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Multi-Modal Perception for Building Situation Models in Human-Robot Interactive Tasks
CSAIL: Computer Science and Artificial Intelligence Lab
Nadia Figueroa, firstname.lastname@example.org
Humans perceive the world as a unified set of sensations from multiple sensory modalities; i.e., our perception is multi-modal. Most research in human multi-modal perception suggests that in the perceptual processing pipeline the information from these multiple sensory modalities is combined and treated as a unitary representation of the world. Such representation of the world, which we will refer to as a “Situation Model”, can be seen as a cognitive representation of events, object location/motion and actions from other agents. The goal of this project is to build a situation model of the world, formulated as an aggregation of coupled beliefs over object and human states. Such beliefs will be updated by the robot’s multi-modal sensory inputs, which are provided by state-of-the-art (i) object tracking algorithm (from RGB-D images) and (ii) human hand tracking algorithm (from IMU+tracking data). The objective of the project is not the implementation of (i) or (ii), but the development of an amodal probabilistic representation of the objects and human states in the scene. Such a situation model will be used in the future to ground human demonstrated tasks on the perceptual inputs and will allow the incorporation of feedback mechanisms between robot and human for improving state representation.The UROP researcher is expected to have significant influence in shaping the representation of the situation model, which may involve (but not limited to): Bayesian networks, context-aware motion prediction, spatial reasoning, object physics model priors and inspiration from action-based theories of perception. The UROP researcher can work fully remotely on this project. However, depending on the progress (and eligibility https://urop.mit.edu/%3Cnolink%3E/alert-covid-19-urop-updates), limited access can be granted to our lab in CSAIL Building 32 from October to test algorithms on dedicated hardware. Credit option (with tuition waiver) is guaranteed and pay option is also possible upon further discussion.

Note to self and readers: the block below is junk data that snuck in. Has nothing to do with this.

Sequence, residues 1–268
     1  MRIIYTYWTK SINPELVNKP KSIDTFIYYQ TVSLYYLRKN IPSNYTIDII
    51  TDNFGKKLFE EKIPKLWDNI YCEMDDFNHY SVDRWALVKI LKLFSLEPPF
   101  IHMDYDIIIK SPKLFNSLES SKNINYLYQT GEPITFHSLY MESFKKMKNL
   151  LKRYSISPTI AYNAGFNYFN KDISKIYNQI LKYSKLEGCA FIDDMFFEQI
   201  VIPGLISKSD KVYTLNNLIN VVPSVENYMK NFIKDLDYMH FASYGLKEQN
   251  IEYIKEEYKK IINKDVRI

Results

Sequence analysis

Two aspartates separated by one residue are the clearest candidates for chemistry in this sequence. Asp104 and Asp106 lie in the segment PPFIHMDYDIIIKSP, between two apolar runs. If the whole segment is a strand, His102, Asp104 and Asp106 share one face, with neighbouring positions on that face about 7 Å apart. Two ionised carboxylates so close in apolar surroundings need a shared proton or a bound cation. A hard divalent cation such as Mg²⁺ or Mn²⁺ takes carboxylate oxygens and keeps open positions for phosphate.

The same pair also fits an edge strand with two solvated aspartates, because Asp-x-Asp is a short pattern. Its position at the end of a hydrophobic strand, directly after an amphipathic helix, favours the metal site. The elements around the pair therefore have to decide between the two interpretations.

The student researcher should be comfortable with numerical computation in Python or MATLAB and have background in machine learning at 6.036 (undergraduate ML) or equivalent/higher level, or ability to quickly pick it up, as evidenced by a strong mathematical background. Background in related topics, such as statistics, probabilistic modelling and robotics is preferred. Experience with ROS (Robot Operating System) and C++ is appreciated, yet not required